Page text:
Australia exempt from large US tariffs on imported steel and aluminium
US President Trump announced that Australia, together with Brazil and Argentina would be exempt from large US tariffs on imported steel and aluminium. President Trump was of the opinion that exports from these three countries alone did not threaten US national security. The reasoning in respect of Australia probably has more to do with the very low volume of steel and aluminium products Australia exports to China.
Now is not a time for celebration for Australian traders.
First and foremost, by far Australia’s largest export is iron ore. It accounts for about 15% of Australian exports of goods and services. The primary use of iron ore is to manufacture steel. Almost all of Australia’s iron ore exports are to countries that will be hit by the increased tariffs.
It is impossible to think that if trade in steel becomes more distorted demand for the products that are used to produce steel will not be effected. Increased tariffs move demand from the most efficient produces of steel to those that need protection.
Another affect of the US actions is a potential trade war between the US and the EU and countries such as Canada and Mexico. It may be hoped that if these countries impose increased tariffs on the US, then Australia will be able to step in as an alternative supplier. The reality of this hope needs to be tested. Firstly, Australia’s top exports are minerals and fuels (well over 50% of Australia’s exported goods). Countries are very unlikely to place retaliatory tariffs on US minerals and fuels. Countries import minerals and fuels to feed their own local production.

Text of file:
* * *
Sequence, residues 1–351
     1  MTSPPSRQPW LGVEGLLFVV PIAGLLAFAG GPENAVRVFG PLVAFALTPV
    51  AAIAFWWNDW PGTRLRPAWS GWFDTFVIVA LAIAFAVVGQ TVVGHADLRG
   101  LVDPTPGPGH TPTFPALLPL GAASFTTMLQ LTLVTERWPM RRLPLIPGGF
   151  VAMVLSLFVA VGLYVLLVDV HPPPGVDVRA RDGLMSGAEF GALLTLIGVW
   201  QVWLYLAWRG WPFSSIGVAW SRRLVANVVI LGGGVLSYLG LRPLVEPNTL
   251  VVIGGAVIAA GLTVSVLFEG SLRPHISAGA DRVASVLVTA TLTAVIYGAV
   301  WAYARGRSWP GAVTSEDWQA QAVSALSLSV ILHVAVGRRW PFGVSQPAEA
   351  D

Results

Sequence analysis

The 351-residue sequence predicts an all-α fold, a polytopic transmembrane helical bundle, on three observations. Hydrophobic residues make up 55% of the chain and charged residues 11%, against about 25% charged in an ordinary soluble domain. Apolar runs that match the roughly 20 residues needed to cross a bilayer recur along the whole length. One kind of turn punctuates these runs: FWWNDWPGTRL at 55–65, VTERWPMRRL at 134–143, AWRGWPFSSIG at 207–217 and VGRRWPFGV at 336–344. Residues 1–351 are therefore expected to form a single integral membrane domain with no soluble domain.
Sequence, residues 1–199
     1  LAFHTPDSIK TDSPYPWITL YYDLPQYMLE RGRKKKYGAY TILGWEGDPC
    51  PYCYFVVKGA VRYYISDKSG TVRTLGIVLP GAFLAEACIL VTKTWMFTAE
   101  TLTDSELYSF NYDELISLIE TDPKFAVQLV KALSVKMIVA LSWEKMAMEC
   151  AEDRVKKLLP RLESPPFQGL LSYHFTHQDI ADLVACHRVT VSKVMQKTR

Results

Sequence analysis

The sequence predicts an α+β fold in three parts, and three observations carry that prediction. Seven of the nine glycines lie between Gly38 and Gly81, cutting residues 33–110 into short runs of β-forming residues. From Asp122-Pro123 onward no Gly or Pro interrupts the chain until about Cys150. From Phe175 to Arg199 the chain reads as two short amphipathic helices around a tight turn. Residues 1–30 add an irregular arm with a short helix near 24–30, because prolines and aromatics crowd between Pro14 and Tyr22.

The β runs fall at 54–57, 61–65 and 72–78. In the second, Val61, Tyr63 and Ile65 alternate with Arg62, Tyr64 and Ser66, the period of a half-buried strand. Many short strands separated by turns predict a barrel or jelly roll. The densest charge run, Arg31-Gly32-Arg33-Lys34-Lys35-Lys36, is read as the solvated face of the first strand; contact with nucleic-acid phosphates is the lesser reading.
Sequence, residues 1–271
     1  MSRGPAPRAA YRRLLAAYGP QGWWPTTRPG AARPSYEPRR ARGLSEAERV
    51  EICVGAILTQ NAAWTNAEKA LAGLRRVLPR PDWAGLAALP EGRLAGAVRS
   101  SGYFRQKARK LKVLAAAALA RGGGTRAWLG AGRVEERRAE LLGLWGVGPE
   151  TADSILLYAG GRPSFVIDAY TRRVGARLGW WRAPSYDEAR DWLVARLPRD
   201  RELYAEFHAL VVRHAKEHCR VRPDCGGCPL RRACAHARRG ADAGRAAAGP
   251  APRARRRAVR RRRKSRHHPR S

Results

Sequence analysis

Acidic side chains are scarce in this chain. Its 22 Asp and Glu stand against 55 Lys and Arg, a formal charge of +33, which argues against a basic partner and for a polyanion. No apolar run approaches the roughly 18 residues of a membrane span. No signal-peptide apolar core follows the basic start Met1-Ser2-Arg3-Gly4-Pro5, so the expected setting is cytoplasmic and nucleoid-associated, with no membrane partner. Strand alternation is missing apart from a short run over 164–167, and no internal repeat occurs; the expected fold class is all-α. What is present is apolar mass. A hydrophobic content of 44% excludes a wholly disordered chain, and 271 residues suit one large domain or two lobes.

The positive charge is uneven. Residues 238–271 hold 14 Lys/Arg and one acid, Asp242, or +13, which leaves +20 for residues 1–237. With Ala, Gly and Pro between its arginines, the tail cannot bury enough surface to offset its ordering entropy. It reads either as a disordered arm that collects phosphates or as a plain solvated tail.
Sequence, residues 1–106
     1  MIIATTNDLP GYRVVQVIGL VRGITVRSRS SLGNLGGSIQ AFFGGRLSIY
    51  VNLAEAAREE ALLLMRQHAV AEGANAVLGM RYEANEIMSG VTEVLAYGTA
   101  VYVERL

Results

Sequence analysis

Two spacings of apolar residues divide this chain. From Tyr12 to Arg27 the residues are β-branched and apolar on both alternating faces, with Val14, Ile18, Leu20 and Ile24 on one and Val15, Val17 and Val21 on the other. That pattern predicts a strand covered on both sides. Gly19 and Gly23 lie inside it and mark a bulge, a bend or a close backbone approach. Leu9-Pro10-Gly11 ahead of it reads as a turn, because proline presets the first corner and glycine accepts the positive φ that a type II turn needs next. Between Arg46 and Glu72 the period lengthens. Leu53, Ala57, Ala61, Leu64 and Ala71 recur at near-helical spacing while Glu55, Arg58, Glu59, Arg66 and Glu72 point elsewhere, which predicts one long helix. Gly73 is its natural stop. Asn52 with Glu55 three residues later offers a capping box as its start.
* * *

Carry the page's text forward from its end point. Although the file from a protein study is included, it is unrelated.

Retaliatory tariffs may fall on agricultural goods. Such goods are usually subject to the highest level of tariffs as there is almost always a local industry to protect. However, there is not as much cross over as you would expect between what the US exports and what Australia exports. The top US agricultural export by far is soybeans, a commodity Australia largely does not produce.
Main area of overlap?
The main area of overlap is beef. However, Australia and the US rarely compete on beef. This is for two reasons:
- US exports are still restricted in some countries due to mad cow disease; and
- The bulk of Australia’s exports are to China and Japan, countries where Australia already has much lower duty rates due to Free Trade Agreements.
In respect of seasonal products, such fruits and vegetables, it will no doubt be apparent that being in different hemispheres limits competition.
It may be thought that as one of only 3 countries not hit by the tariff hike, Australia can greatly increase its steel and aluminium exports to the US. Unfortunately this will not occur. The exemptions granted are subject Australia not increasing its level of exports to the US. This makes sense. Without some sort of quota based on current levels of exports, the fear would be that other countries would tranship metals via Australia to defeat the US tariffs.
The main reason to be concerned is that Australia relies heavily on international trade.
Australia exports commodities that other countries used to make goods to sell to other countries. Australia is also a net importer of goods. Increased tariffs distort trade and increased costs will mean an overall reduction in global trade.
Overall, what we have seen from the US is inconsistent and irrational decision making. The absurdity of the US imposing tariffs on EU, Canadian and Mexican metals on security grounds is readily apparent. If the reasoning was justified, the decision making would be more predictable. Predictable government decision making encourages long term investment decisions which are necessary for continued growth.
Further, the decision making process in the aluminium and steel case involved changes of positions in a matter of weeks and months. Again, it is impossible for investors and supply chain managers to make even medium term procurement and investment decisions with confidence in this environment. Any freezing of international investment or reservations regarding international trade will hurt all trading nations, including Australia.
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